Here’s a look at today’s headlines:

The North Fire in the Magdalena Ranger District is now 36,246 acres at 30% containment.  The lightning-caused fire started May 21st and continues to be managed for multiple resource benefits.  A temporary Area Closure Order has been issued for the vicinity of the North Fire.

The Dog Head Fire affecting communities outside of Albuquerque is 17,912 acres and 31% contained.  The human caused fire began June 14th and is still being investigated.  So far 24 residences and 21 other minor structures have been damaged, and over 900 personnel are responding to the incident.

Luna County’s Board of Commissioners recently passed Ordinance Number 52 Amended which deals with the health and well-being of animals in the county.  The Ordinance introduces a new system of county licensing to be administered by the Deming-Luna County Humane Society.  Residential owners who own between 8 and 14 companion animals will need to apply for a Multiple Companion Animal Site Permit. Premises where more than 15 animals are kept or boarded must apply for a Multiple Animal Facility Permit.  Both permits require annual random inspections by animal control officers.  The Ordinance will take effect on July 16th and will apply to the owners of dogs, cats and potbellied pigs, which are referred to as “companion animals” in the language.  The full text of the ordinance is available by visiting and scrolling to number 52.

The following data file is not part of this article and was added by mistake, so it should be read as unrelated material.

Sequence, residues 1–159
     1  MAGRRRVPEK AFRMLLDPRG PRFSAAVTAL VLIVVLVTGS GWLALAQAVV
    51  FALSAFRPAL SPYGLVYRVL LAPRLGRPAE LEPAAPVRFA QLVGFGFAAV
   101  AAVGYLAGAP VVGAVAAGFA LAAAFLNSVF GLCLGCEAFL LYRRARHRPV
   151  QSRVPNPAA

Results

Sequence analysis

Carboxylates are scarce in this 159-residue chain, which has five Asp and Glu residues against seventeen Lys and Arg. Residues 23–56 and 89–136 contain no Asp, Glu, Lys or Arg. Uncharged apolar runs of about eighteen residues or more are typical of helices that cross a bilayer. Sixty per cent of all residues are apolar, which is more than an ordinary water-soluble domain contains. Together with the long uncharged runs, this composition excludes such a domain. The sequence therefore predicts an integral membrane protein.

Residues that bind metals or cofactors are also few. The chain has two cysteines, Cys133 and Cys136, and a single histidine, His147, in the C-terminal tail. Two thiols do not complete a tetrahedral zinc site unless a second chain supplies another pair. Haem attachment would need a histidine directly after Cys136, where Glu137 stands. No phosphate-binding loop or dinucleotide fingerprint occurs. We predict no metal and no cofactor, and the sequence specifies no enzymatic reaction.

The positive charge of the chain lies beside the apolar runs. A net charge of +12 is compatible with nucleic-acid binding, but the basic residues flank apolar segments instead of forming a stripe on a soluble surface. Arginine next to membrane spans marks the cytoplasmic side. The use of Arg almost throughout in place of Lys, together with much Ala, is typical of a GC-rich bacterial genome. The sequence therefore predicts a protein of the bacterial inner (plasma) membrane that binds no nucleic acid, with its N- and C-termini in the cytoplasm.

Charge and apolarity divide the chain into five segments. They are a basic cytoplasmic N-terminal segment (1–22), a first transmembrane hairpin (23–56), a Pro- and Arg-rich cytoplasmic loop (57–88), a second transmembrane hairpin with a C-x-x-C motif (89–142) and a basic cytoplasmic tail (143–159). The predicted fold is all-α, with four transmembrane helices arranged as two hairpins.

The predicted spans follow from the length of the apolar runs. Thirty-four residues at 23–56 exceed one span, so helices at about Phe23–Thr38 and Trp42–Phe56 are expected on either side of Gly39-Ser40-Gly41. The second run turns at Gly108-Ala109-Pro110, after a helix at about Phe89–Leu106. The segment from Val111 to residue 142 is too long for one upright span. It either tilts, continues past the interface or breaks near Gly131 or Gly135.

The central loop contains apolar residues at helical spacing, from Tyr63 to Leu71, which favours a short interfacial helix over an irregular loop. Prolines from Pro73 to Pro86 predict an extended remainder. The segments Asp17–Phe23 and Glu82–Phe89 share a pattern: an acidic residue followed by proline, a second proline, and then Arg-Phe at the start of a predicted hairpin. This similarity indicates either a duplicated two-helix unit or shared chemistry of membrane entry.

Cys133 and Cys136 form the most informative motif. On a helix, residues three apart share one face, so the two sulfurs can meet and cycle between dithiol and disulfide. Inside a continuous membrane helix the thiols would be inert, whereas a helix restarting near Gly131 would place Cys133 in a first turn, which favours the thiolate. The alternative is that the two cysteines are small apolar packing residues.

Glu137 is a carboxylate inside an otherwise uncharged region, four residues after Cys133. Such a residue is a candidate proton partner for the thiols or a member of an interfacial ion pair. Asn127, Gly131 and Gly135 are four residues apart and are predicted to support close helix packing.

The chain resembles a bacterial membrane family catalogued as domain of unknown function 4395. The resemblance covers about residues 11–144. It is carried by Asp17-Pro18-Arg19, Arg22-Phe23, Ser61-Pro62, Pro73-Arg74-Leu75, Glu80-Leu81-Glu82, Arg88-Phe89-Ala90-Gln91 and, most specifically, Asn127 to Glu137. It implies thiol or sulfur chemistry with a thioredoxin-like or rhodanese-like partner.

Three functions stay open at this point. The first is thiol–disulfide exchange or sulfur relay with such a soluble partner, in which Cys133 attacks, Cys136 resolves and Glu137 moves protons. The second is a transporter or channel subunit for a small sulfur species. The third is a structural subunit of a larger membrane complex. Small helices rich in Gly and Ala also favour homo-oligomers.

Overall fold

Two amendments intended to try to reduce gun violence recently failed to receive the necessary 60 votes needed for consideration in the Senate.  The provisions aimed to give the Attorney General the authority to block the sale of guns or explosives to known or suspected terrorists.  The other amendment would have closed loopholes in the background check system to ensure that firearms and explosives are kept out of the hands of terrorists, criminals, and those who suffer from serious mental illness.

Today, in a ceremony at the White House, President Obama signed into law US Senator Tom Udall’s Frank R. Lautenberg Chemical Safety for the 21st Century Act, which reforms the broken Toxic Substances Control Act of 1976 to keep children and communities in New Mexico and across the nation safe from dangerous chemicals.  More information about the Frank R. Lautenberg Chemical Safety for the 21st Century Act is available at